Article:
Provides an income set by the member based on how much they need. It could be more or less than that offered by a defined benefit scheme. The level of income can be increased or decreased at any time to take account of a change in circumstances. However, there is a possibility the fund could run out if the withdrawals taken are unsustainable, (i.e. are too large to be maintained), and/or investment performance is poor. A guaranteed income could be purchased at any time with some or all of the remaining money.
If you are in poor health, it does not alter the level of income the scheme will pay however, should you suffer a serious illness prior to the pension commencing, some schemes do pay benefits on different terms. This could include paying the pension earlier and increasing the lump sum that varies with each scheme.
If you are in poor health, it may mean you have capacity to take bigger withdrawals before death, or you could instead use the fund to secure an alternative guaranteed income by purchasing something called an annuity. A typical annuity will ensure a guaranteed income for life and if you are in poor health, or have no dependents, it may mean you receive a higher income than your defined benefit scheme is offering.
Tax free cash
In most defined benefit schemes, the member has the option of giving up some of the income and taking it as tax free cash (known as a pension commencement lump sum). This must be taken in one go.
Tax free cash (known as a Pension Commencement Lump Sum or PCLS) is normally 25% of the total amount being taken out of the pension and can be taken in stages, or all in one go.
The scheme normal retirement date is set by the scheme rules and a full pension is payable at that date. Accessing benefits early, from age 55, is usually permitted subject to reductions reflecting the pension being payable for a longer period. In some cases, there is an earlier protected retirement age, for example age 50.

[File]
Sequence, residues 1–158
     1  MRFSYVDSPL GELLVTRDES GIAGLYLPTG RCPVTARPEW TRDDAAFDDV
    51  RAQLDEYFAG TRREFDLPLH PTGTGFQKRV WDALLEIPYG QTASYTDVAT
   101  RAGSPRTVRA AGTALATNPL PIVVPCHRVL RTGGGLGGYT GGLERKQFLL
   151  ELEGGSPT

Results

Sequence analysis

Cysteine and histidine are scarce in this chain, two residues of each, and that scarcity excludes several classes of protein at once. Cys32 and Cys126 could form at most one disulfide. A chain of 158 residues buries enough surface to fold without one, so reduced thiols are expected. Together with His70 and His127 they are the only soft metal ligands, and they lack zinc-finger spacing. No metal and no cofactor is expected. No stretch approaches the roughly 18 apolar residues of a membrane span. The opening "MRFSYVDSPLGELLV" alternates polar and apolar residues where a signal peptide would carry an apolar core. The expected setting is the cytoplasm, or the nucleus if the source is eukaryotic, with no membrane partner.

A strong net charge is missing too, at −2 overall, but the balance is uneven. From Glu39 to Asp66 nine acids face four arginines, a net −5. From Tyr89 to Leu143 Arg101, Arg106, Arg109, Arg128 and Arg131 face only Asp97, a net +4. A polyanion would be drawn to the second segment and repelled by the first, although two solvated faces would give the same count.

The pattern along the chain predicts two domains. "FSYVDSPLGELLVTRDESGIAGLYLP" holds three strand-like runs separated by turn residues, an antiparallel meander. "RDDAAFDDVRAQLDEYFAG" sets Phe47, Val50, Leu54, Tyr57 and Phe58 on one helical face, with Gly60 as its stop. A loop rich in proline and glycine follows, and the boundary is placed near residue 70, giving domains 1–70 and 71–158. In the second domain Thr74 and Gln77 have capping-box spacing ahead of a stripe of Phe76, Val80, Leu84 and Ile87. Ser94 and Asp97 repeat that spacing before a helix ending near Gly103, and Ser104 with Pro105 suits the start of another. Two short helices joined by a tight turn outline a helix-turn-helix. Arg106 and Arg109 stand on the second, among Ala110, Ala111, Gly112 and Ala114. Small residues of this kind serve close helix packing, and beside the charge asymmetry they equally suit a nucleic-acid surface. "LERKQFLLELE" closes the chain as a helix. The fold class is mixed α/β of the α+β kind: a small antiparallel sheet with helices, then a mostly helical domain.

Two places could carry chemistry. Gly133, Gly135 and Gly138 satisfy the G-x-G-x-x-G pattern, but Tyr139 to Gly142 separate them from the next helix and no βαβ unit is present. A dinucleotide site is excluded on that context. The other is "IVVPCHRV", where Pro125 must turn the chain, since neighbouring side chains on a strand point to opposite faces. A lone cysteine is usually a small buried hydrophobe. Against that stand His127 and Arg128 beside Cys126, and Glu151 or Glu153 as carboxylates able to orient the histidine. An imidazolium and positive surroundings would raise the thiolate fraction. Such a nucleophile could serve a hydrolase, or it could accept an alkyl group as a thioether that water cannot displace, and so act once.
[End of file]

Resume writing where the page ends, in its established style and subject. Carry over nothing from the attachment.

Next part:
Benefits can be turned on and off from age 55 onwards but early access may impact the amount of funds available later in retirement. You can choose to secure some income at any time by buying an annuity to provide a lifetime or short term guaranteed income at the rates available at the time.
Employer covenants and financial protection
Should a pension scheme not be able to meet its liabilities with no solvent sponsoring employer, the Pension Protection Fund is available to protect members of the scheme.
The Financial Services Compensation Scheme provides 100% protection in some cases should a pension provider fail.
The scheme is responsible for all the charges associated with running it. The scheme may work closely with a firm of financial advisers and any advice would typically be chargeable.
There will be product, investment management, and possibly platform charges which will reduce the size of your pension fund. After the initial advice fees, there are also likely to be ongoing advice fees. Typically, these are paid out of the pension fund but in times of poor investment performance these can have a bigger impact on your pension, which means it could run out sooner than planned.
Investment risk and performance
The responsibility for investment decisions and their consequences reside with the scheme trustees and their investment adviser/managers. The scheme pays for advice and administration and these do not affect your income.